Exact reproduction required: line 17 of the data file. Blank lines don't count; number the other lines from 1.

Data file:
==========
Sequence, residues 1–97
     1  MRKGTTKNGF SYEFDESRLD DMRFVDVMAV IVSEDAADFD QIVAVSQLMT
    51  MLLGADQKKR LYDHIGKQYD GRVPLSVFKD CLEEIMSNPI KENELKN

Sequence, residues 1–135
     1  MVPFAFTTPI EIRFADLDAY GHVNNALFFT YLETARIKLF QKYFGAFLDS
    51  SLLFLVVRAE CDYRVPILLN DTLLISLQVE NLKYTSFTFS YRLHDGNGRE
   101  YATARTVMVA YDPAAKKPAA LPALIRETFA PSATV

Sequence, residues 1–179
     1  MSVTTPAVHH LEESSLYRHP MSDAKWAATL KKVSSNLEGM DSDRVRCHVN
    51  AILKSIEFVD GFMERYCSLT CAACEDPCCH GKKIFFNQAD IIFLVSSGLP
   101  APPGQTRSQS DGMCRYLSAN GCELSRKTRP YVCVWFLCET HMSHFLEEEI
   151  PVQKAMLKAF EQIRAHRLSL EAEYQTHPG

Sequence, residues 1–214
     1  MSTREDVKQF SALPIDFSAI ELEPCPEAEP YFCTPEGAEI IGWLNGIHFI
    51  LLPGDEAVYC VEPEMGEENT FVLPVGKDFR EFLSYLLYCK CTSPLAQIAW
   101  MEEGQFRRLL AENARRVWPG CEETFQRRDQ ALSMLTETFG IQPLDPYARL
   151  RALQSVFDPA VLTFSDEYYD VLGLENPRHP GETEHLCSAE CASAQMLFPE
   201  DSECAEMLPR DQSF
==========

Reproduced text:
   151  RALQSVFDPA VLTFSDEYYD VLGLENPRHP GETEHLCSAE CASAQMLFPE